After working on my soon (hopefully) to be released novel, writing with my on-line writer’s group, and a fantastic grilled SPAM and cheese sandwich, it was time to change out the old dead battery. I’ve done this too many times over the years.
Well, removing the backrest wasn’t too bad, even with a touch of arthritis. I could not for the life of me get the seat off. Swallowing what little dignity remains in this beat-up body, I turned to my wife. “Honey, please help me.”

Between the two of us, mostly Cathy, we got the seat out. I was happy; she dropped the mounting screw, something I never fail to do. She’s human. Then for the battery, my hands would not grip. We constructed a makeshift battery strap and got it.
Putting it all back together was a snap.

Warmed up all 88 inches and went for a ride. On the ride out of town, the traffic was as heavy as a normal commute. What gives? Who are these people? In my neighborhood, it seems most people are staying at home.

Anyway, it was great to be out on the road. When I came back, the traffic was light. I was on a five-lane highway in the number two lane, second from the center. I was rolling along with the flow of traffic when I noticed a car coming up fast in the number three lane. Thinking I might be impeding traffic, I checked the speedometer. Wow! I was clocking along at 85 MPH. The car passed me doing at least 100. A minute or two, another IMG_6900speedster passed me in the fast lane going about as fast. Dang. It was a short but exhilarating ride, and yes, I was wearing Shorts.

If the hotels are open, my buddy and I will be heading out for a fortnight in about five weeks.

 

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Under the scarf is a happy rider.

 

 

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Thanks, Gig Harbor SJP

It’s been several years since my wife and I took a road trip to Gig Harbor, Washington.
We took a couple of weeks up and back. Other than Gig Harbor, the trip was in some ways like a motorcycle trip, except we were in a cage. We went hither and yon with no other plans. When we arrived, we were pleased, not that we would move there.

One morning while on a walk, I saw one of those newspaper boxes advertising free local IMG_6885papers. I opened it and there on top of the papers was a shiny rock. Painted on it was a rainbow with happy faces at each end. Smiling, I picked it up and felt a sense of wellbeing. I took a paper and put the rock back and walked on, thinking about that rock and the feeling it gave me. Back I went. Picking it up, I thought: I’d like to take you home. But I couldn’t bring myself to take something that wasn’t mine. Back a third time, like a thief in the night, I looked in all directions. No one in sight, I slipped the booty into my pocket and fled.

I didn’t know about rock painters leaving a friendly face to be found by people like me. The finder is supposed to take the gift or leave it for someone else to find. Not happening!
Back at home, I put the rock on the window shelf over the kitchen sink. Many times since then, I stop and look at MY rock. I always smile and perk up.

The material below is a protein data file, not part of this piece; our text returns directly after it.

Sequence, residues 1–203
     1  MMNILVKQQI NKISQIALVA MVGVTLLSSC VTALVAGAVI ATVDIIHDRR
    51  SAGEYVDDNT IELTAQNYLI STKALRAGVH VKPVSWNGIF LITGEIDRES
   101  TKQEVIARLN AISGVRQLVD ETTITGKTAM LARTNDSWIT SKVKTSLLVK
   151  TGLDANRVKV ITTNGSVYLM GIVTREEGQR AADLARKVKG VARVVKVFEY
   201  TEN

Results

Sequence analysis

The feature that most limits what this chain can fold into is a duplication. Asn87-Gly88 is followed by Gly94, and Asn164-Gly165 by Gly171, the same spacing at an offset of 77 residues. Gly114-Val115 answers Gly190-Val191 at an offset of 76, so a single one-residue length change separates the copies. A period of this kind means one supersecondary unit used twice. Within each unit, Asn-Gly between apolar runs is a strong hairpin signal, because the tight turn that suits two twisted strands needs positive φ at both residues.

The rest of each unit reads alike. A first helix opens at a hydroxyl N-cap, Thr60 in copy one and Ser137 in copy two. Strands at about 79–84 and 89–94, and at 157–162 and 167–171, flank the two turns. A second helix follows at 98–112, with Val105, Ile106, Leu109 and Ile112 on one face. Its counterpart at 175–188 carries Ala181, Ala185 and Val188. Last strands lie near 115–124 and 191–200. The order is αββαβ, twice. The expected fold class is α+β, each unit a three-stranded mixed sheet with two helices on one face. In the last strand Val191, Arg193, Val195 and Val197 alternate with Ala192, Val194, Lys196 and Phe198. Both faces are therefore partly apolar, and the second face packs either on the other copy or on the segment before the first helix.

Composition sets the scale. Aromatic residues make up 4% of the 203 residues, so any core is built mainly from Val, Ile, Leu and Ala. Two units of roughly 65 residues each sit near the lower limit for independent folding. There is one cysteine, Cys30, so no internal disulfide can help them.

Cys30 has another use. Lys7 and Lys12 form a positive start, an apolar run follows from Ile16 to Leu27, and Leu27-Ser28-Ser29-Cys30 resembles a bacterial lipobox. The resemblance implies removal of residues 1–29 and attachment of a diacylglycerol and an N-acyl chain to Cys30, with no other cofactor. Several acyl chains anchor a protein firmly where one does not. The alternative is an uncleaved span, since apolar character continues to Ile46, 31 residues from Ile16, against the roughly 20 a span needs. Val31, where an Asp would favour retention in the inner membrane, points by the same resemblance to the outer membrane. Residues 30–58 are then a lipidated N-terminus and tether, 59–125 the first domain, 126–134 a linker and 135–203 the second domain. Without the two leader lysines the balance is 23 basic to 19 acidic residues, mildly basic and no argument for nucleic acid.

I’ve been suffering writer’s block. I needed something to get me going, so I brought the IMG_6886rock into my office. Holding it helps. I turned it over and found a note from SJP, allowing me to keep it. At the top was a request to post on FaceBook.

Today on the blog and FaceBook, I’m sending my thanks to SJP.

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It is the Ride, not the Destination

Over the years, my motorcycle trips have been more about the journey than the destination. I have been to the big motorcycle rally in Sturgis, South Dakota, at least a dozen times. Three or four times, I was what is called derisively ‘a trailer queen,’ we pulled a bike trailer behind a motorhome. Those trips were in the early days, and we were all about getting to the rally: no side trips, only twelve-hour days driving straight through. Once there, we took rides to Custer State Park, Mount Rushmore, Crazy Horse Memorial, and Wounded Knee. These trips were made quickly so we could get back to the rally. Everything was a crowded rush.

We could say we had been there and done that. (I hate that cliché)

In 2001, I got an Ultra Classic and began riding to Sturgis, following the advice of Robert Pirsig: “Sometimes it’s better to travel than arrive” (Pirsig 103). No longer on the road 1c4nPGlJQmVpftM0Tu9w_Beartooth-Pass_54_990x660from morning until dark, I looked around. Instead of the most direct route, we mapped out places we wanted to visit. Jackson Hole, Yellowstone, Beartooth Pass are just some of the big names. Places we never imagined like US-191 north out of Green River, Utah, and through fantastic country and on through Wyoming. I liked US-191 so much that I made a solo trip south on it. Not as scenic, but a great ride. I have made these long rides with a dozen riders, three or four, and alone—never once lonely.

This summer, my buddy Jim Kennemore and I, plan on heading north to the Cascades, make a right onto Washington-20 across the state to Kettle Falls on the Columbia River. There we will flip a coin and go—

We have room for other bikers; we don’t care what you ride as long as you miss the open road and the wind in your face.

 

Pirsig, Robert M. Zen and the Art of Motorcycle Maintenance. Bantam Books, 1981.